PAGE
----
Even the severity of the side effects of some interventions, such as the containment of healthy and other very restrictive measures, is now also accepted without much disagreement.
Thus, although many dynamics stimulate divergent positions and more or less obvious attempts to suppress some points of view, there is a greater basis for convergence in the scientific community today than a few months ago.
Strategies to combat the pandemic
Focus of intervention
The biggest point of divergence at this time is whether the focus should be on general community transmission (including very low-risk groups such as students) or on selective protection of risk groups (the elderly and those with comorbidities who potentiate the disease).
A comprehensive infection control strategy is needed for the Focused Protection Strategy to ensure the protection of the most vulnerable groups. It is difficult to identify clearly who is not at significant risk, and health systems may not be able to cope with high levels of community transmission.
Thus, while special attention should be paid to “risk groups”, such interventions should be linked to the general effort to mitigate transmission. It is easier to protect the most vulnerable if there is not much transmission in the community than to use specific strategies for that group.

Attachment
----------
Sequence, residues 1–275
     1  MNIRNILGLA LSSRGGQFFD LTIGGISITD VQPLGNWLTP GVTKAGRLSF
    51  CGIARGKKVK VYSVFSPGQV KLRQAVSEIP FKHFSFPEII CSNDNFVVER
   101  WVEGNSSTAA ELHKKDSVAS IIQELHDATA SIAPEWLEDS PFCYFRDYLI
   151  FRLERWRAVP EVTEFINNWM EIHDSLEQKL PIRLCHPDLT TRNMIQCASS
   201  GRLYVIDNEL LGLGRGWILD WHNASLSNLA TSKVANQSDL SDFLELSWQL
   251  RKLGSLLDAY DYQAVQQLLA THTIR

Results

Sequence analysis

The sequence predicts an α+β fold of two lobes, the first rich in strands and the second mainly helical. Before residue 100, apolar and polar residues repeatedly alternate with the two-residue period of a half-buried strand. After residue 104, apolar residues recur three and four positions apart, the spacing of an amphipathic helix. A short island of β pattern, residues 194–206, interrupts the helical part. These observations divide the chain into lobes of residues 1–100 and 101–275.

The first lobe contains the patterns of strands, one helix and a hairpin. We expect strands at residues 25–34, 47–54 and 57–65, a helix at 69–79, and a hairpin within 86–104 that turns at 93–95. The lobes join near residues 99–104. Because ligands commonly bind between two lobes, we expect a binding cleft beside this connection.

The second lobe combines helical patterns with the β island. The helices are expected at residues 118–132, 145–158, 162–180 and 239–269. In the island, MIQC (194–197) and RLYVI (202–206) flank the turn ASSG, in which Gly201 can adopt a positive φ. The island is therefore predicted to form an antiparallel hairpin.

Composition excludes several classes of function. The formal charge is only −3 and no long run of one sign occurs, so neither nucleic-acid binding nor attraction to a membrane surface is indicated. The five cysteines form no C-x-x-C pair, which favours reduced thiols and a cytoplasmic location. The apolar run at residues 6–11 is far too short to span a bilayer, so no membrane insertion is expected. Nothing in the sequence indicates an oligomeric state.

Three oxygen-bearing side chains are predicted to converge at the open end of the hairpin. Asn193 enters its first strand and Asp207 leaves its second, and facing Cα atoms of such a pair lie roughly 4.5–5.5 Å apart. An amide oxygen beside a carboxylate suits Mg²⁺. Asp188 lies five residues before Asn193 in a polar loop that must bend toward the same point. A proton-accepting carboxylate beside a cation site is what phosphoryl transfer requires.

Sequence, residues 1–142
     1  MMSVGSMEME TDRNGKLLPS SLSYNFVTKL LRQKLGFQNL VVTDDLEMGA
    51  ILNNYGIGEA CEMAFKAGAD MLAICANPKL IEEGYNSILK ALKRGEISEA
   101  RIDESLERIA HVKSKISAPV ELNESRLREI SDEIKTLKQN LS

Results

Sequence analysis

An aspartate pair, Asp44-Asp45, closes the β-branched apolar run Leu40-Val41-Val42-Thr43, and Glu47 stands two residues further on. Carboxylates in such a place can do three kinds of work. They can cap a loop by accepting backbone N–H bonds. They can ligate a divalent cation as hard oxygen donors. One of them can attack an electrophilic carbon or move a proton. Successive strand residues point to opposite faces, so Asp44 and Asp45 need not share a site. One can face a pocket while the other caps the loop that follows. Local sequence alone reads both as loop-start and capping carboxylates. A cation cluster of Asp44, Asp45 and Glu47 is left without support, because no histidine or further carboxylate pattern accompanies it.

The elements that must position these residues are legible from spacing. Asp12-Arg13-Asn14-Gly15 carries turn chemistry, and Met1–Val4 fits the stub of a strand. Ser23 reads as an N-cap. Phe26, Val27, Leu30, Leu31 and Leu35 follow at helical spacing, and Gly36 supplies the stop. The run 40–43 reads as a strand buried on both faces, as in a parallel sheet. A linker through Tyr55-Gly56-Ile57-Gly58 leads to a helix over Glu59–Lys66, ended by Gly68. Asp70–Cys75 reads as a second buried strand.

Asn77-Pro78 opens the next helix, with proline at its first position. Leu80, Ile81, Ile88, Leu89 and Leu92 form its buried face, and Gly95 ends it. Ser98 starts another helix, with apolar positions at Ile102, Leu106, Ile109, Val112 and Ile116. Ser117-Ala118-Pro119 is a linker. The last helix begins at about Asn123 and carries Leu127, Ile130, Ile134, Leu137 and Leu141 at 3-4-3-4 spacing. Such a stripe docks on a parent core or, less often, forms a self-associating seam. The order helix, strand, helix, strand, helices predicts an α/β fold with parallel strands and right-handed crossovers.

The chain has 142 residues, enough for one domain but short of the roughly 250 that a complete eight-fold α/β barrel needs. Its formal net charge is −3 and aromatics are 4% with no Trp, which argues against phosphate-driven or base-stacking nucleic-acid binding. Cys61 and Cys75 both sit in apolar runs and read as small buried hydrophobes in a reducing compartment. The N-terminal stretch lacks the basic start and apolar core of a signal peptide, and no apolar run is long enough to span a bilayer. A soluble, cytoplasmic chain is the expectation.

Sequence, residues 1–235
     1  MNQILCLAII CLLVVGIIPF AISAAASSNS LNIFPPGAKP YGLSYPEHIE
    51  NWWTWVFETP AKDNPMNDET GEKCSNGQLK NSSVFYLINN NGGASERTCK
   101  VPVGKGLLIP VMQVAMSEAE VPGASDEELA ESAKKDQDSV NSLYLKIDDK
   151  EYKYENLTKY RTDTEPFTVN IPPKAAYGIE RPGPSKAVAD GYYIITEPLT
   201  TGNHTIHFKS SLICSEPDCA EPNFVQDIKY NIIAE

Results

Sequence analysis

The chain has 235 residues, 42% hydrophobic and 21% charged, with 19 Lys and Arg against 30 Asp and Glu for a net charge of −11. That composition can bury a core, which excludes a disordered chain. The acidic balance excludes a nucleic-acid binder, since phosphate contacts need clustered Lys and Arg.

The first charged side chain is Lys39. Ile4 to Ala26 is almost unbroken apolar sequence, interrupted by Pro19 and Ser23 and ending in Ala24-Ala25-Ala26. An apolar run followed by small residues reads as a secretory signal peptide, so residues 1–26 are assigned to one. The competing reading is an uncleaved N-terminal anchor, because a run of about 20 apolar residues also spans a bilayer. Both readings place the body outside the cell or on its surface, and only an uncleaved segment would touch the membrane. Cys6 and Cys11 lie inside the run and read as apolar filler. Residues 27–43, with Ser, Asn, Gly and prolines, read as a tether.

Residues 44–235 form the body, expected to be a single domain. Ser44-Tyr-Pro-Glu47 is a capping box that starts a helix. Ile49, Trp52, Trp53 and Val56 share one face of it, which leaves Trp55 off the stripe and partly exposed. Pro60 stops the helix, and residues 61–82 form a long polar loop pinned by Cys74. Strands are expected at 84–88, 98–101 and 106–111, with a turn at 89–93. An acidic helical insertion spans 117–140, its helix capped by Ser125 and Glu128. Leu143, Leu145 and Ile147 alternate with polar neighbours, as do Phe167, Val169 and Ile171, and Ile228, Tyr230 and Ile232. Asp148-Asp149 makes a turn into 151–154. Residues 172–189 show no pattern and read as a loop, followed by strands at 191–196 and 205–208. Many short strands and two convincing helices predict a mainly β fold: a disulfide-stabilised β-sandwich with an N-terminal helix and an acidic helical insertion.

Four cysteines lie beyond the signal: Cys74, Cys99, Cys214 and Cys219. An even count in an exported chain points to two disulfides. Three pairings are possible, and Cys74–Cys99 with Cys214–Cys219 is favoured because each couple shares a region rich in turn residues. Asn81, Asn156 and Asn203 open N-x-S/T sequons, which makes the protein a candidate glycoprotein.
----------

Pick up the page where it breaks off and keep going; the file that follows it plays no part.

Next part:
Mass testing, contact tracing, widespread mask use, quarantine of exposed persons or limitations of social contacts are the best ways to achieve this.
For Focused Protection advocates, risk groups are very well defined and resources must be concentrated on these people. As the overwhelming majority of the population is not at significant risk, they should be able to continue their normal lives while maintaining essential hygiene care.
They argue that there is no justification for hindering the education and normal development of children and young people; for taking away a large part of the population’s income or for limiting freedoms and other basic rights to those at low risk of illness.
Forecasts of health system exhaustion have been largely exaggerated and, in general, have not occurred. Some measures, with rather negative side effects, have little evidence of effectiveness and should therefore be avoided.
All resources must be focused on protecting those who really have substantial risks. For example, in homes they should: use only personnel with acquired immunity, carry out frequent tests on all visitors or promote meetings with relatives abroad.